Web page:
- Immigration: Cropper disagrees with ARI intellectuals focusing on a proper immigration policy for the US, which to Cropper sounds too much like the Democrats, instead of getting on board with the Republicans for a narrow reform of immigration laws that emphasizes a different method restricting immigration.
- China: Cropper thinks that ARI, particularly Yaron Brook, has been acting as apologists for China [sounding like Democrats] while Cropper seems to be more interested in a Cold War style containment policy towards China.
- President Trump: While Cropper disagrees often with Trump, he thinks that ARI intellectuals have been too critical of Trump by repeating spurious Democratic talking points and making doctrinaire statements without regard to additional relevant context [for example, Trump’s tariff policy].
- The Left: Cropper believes that Objectivists should join forces with President Trump to defeat the [collectivist] Left which is the urgent enemy.
In summary, Mr Cropper’s argument for his being given the steering wheel for the Objectivist bus is that Objectivists should spend more time, money, and effort promoting the ideas of Donald Trump in short term politics instead of Ayn Rand’s ideas in long term philosophy. While I could go into detailed commentary about the specific concretes, my thoughts on the general idea were previously practically covered in my posts about Ari Armstrong’s suggesting that lovers of liberty join the Republican Party and my analysis of the factions within The Republican Hydra.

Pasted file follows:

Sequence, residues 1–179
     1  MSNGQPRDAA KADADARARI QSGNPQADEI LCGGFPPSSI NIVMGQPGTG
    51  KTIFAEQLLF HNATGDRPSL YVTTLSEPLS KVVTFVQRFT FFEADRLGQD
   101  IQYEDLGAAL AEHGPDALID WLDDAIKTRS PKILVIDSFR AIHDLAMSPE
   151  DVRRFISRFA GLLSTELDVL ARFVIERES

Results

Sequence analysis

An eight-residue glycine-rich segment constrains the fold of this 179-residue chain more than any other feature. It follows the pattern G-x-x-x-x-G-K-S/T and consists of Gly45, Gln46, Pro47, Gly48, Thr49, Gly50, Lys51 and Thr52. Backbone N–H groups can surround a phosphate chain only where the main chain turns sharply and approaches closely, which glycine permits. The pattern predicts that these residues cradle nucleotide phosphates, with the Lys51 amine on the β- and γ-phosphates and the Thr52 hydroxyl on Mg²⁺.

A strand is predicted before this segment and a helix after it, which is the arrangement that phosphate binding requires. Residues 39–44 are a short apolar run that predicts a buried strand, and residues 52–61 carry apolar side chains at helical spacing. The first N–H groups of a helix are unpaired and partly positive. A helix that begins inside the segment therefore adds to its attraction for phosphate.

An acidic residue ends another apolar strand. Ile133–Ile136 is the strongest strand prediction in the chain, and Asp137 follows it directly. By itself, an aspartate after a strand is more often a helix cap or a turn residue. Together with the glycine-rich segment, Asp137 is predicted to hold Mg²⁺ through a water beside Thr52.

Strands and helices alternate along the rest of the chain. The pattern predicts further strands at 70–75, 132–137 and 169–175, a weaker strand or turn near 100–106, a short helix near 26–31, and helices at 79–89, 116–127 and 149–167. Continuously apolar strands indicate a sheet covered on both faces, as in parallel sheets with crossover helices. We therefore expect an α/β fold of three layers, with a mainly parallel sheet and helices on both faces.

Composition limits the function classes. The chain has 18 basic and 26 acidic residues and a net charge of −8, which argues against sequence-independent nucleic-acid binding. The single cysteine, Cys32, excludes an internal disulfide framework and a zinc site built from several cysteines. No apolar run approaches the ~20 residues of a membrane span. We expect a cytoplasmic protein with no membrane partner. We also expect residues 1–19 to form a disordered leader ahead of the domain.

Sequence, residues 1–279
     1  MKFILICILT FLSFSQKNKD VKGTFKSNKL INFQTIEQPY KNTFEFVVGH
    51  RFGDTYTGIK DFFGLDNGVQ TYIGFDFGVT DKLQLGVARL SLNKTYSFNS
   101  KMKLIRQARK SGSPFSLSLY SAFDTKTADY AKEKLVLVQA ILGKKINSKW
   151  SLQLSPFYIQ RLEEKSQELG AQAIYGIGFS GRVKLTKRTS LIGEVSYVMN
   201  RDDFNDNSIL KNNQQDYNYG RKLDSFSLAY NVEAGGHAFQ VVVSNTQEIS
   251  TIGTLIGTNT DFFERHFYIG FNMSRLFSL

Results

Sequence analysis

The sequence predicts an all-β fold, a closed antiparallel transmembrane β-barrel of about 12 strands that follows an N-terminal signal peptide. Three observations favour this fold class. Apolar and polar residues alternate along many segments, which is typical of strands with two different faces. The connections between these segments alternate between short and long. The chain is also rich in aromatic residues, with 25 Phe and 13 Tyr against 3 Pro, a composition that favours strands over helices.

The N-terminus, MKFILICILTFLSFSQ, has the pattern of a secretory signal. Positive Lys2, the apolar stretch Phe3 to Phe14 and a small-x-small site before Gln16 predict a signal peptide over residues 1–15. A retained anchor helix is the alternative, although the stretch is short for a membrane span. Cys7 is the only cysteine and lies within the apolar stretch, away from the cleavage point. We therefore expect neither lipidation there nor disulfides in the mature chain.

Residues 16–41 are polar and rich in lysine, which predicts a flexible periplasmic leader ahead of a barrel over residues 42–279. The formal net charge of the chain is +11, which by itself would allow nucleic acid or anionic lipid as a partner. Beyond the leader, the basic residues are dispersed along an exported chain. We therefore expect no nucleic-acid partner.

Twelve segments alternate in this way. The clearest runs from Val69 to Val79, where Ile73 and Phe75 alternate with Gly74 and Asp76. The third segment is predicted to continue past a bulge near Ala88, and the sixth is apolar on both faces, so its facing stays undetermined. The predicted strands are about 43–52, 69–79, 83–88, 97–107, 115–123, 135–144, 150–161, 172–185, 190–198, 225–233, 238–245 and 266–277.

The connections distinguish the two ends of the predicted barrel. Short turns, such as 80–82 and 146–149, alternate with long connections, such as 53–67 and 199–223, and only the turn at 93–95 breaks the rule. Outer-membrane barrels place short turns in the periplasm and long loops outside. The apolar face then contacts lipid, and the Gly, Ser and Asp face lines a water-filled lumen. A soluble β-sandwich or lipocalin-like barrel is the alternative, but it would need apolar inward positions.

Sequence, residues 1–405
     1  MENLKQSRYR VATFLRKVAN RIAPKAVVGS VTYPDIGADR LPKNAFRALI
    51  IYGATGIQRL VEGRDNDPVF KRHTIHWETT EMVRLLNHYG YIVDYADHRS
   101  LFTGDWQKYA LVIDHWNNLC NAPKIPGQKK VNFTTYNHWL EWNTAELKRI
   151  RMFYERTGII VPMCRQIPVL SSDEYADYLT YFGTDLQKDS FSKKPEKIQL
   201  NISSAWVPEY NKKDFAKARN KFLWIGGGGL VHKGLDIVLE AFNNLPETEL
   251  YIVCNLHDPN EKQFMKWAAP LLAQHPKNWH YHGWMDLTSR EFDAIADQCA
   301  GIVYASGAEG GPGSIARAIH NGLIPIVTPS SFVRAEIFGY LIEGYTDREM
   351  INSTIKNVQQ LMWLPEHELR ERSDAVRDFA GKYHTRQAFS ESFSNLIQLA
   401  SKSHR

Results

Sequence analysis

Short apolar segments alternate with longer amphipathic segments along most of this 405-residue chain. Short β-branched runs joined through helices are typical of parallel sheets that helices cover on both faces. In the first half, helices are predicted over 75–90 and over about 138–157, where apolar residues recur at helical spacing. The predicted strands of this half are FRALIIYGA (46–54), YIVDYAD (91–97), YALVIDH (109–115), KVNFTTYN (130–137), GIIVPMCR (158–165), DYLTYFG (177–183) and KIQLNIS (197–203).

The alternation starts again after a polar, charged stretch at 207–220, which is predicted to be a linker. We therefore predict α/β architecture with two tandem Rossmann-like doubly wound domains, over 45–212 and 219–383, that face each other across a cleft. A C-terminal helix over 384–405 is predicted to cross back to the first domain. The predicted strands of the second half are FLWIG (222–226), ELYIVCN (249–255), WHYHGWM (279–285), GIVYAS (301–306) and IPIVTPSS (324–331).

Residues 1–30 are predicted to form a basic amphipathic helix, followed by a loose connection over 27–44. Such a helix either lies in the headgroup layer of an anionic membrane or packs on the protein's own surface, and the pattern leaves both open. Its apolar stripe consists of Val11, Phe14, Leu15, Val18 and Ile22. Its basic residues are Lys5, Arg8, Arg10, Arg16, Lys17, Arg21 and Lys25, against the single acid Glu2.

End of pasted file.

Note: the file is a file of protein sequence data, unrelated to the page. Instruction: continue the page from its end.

More important than those specific issues, let me talk about the framework to use in order to analyze those differences within politics. There is a lot of confusion about the political spectrum of left and right, that the meaning of those terms have changed over time, and that alternative political spectrums are needed; not true. Left is for change, while right is for status quo and tradition. Objectivists are radicals for capitalism, the unknown ideal, thus they are for change and are on the left of the political spectrum. Left doesn’t specify what type of change, but political reform of some kind instead of the status quo. Meanwhile, right is currently articulated through pragmatic stewardship [George H. W. Bush, Mitt Romney, and Trump] or in a reactionary form that seeks to restore past traditions [political Christians, conservatives]. In context, left vs right is about either changing or preserving tradition relative to now.